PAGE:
MIE Students Bring Innovative Musical Shoe Concept to Life
The annual Fall Senior Design Showcase was held on December 5th, 2023 by UMass Amherst's Mechanical and Industrial Engineering Department (MIE). During the event, a panel of expert judges consisting of UMass faculty, local business leaders, and entrepreneurs evaluated student projects based on their ability to capture customer needs, convert those needs into engineering specifications, and apply engineering analysis to generate designs, models, or prototypes.
One of the award-winning projects was the “Neely Drum Machine Shoes,” which was sponsored by Margo Neely, CEO of Neely & Daughters. Neely is the creator of the Neely Air TR-808 shoe concept, which allows users to digitally compose music through their foot movements. Neely’s innovative concept became a viral sensation, reaching millions of fans and receiving coverage in major media outlets around the world.
The four MIE students on the project—Ethan Jenkins, Kyle Early, Greg Gunsalus, and Samuel John—worked to bring Neely’s vision to life.
Team Lead Ethan Jenkins commented: “I was drawn to this project through my previous experience working with music production software and Arduino microcontrollers both within my courses and as a hobbyist. I knew early on that Margo’s concept would ultimately result in something incredibly exciting if we could deliver, and I simply couldn’t pass on the opportunity to combine my Mechanical Engineering education with the arts in such a novel fashion.”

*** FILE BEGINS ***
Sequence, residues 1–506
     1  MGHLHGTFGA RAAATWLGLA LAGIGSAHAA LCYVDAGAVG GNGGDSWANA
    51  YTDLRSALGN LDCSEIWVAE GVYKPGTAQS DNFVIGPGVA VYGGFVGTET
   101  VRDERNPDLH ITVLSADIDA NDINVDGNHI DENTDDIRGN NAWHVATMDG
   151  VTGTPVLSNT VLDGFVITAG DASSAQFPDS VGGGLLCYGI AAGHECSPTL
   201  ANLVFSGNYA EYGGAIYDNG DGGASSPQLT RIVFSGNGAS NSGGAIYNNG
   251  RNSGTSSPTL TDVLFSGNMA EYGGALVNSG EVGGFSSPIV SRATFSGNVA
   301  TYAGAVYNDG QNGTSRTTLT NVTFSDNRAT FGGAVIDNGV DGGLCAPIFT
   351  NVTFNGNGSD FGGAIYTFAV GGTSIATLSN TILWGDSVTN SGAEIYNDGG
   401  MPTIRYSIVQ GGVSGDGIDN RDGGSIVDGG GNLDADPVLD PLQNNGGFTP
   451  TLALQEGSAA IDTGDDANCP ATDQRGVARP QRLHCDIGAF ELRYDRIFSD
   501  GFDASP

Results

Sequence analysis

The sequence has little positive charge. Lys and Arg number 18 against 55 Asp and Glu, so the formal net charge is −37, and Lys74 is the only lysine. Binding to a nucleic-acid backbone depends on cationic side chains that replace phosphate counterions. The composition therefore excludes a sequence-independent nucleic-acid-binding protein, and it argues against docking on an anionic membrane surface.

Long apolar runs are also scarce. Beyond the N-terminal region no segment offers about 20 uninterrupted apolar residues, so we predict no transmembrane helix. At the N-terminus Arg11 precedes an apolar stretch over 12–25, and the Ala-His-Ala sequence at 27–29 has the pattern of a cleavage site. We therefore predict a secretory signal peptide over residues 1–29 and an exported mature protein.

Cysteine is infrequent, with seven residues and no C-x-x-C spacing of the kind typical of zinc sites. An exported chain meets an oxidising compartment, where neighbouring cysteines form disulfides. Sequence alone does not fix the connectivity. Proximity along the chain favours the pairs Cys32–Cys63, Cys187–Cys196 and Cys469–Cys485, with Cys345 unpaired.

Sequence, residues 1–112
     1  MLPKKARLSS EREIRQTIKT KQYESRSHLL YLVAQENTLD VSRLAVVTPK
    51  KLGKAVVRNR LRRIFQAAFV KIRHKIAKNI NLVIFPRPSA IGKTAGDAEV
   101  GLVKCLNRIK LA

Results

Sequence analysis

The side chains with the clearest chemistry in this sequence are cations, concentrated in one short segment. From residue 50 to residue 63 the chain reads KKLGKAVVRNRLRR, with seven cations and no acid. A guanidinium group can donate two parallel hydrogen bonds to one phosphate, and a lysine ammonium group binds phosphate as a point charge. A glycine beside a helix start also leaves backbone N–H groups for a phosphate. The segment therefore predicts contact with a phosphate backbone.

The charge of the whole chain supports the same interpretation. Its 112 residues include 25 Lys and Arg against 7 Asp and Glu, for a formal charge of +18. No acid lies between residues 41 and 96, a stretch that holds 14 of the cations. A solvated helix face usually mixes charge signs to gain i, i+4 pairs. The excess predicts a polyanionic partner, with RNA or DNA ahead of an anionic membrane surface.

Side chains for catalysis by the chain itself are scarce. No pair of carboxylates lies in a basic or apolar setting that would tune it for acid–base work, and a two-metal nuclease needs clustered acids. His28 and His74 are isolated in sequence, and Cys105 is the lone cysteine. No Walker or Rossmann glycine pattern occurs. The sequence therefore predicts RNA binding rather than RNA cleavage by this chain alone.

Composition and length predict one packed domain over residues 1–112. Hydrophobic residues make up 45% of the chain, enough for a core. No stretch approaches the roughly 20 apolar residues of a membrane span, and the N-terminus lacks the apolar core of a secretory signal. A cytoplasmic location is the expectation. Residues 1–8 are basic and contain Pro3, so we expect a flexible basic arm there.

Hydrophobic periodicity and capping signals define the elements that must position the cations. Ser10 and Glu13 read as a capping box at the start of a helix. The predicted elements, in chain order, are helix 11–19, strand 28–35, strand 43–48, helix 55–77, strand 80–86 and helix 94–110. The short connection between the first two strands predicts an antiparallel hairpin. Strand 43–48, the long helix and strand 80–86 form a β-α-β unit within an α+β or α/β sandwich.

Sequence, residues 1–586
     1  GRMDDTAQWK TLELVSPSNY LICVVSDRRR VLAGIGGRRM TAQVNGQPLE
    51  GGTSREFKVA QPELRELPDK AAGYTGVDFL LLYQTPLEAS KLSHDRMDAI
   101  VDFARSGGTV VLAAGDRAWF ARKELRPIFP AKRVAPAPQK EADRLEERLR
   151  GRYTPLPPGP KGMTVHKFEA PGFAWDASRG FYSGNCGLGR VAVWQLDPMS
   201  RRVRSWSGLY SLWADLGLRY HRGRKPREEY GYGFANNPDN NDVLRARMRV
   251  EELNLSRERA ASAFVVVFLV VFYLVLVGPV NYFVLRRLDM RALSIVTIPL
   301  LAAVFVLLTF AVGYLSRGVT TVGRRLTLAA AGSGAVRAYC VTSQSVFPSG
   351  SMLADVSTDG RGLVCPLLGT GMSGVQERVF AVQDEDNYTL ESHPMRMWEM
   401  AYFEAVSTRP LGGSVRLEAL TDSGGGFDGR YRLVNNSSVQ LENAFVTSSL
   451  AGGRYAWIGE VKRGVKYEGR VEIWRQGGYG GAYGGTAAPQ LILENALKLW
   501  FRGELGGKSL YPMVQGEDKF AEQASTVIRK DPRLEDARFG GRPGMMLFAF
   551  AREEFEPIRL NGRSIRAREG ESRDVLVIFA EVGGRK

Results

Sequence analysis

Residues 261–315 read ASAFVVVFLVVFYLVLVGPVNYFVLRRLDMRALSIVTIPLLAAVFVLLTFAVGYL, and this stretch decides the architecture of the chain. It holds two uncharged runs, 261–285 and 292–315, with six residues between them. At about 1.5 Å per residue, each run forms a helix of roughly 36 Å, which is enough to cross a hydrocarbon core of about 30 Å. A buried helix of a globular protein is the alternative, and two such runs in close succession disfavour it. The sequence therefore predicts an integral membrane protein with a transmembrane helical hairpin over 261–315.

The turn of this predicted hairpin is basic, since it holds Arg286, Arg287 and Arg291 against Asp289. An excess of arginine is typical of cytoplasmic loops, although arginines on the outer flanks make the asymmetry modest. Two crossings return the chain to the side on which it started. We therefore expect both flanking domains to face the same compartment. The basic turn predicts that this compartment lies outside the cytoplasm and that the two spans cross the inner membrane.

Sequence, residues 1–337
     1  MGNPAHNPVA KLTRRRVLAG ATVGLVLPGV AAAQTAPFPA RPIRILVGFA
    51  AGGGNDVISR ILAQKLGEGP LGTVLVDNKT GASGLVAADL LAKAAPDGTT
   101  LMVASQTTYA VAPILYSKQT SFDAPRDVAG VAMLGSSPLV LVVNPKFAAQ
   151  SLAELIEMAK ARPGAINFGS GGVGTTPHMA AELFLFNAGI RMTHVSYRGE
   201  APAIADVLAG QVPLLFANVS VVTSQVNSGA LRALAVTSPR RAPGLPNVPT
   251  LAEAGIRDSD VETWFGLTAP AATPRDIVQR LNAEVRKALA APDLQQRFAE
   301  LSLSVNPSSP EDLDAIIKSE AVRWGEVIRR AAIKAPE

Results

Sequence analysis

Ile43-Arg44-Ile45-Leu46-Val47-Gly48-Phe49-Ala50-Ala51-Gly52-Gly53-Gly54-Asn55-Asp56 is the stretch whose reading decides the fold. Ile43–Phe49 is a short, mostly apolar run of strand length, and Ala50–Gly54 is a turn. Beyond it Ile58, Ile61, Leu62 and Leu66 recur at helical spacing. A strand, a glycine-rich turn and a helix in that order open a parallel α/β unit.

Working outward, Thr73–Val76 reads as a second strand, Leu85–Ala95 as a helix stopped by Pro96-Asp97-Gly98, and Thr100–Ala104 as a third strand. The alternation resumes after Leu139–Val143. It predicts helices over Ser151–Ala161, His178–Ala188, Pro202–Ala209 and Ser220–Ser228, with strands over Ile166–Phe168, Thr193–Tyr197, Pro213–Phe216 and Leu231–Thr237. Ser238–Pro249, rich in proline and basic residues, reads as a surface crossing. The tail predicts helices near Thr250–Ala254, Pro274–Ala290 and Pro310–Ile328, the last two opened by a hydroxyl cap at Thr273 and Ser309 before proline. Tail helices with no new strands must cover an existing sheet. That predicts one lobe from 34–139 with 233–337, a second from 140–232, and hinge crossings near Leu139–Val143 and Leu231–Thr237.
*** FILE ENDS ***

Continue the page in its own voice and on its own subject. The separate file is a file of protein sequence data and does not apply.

The team delivered—they applied their engineering skills to design a system that integrated sensors and controllers into a unified wearable package, laying the groundwork for a commercially viable product.
“When the shoe is zipped up, you can’t see a single piece of evidence that our team had ever worked on it; and this was absolutely the goal,” explains Jenkins.
“Inside the tongue, however, is a very powerful yet efficient Arduino Microcontroller that connects to robust, paper-thin pressure sensors placed under the insole using conductive thread. By sensing user input through kicks and taps, reasoning with the inputs to identify control signals, and communicating wirelessly with any Bluetooth-enabled music production software, the shoe enables anyone, from enthusiasts to professionals, to make and control music with their own movement.”
The result is the Neely 33 Sound Shoe, a first-of-its-kind prototype whose novelty is highlighted by its compactness and low power consumption.
According to Neely, “It was a joy to collaborate with a team that not only comprehended but celebrated the unique fusion that makes this project truly special. Together, we not only brought into the world a fully functional and sleek prototype that meets the highest engineering standards, but nurtured a creation that resonates with the wearer's personal rhythms—a revolutionary instrument for self-expression through movement and sound. This project is a testament to the power of interdisciplinary collaboration and understanding, where each element finds its place in the beautiful crossover of creativity and innovation.”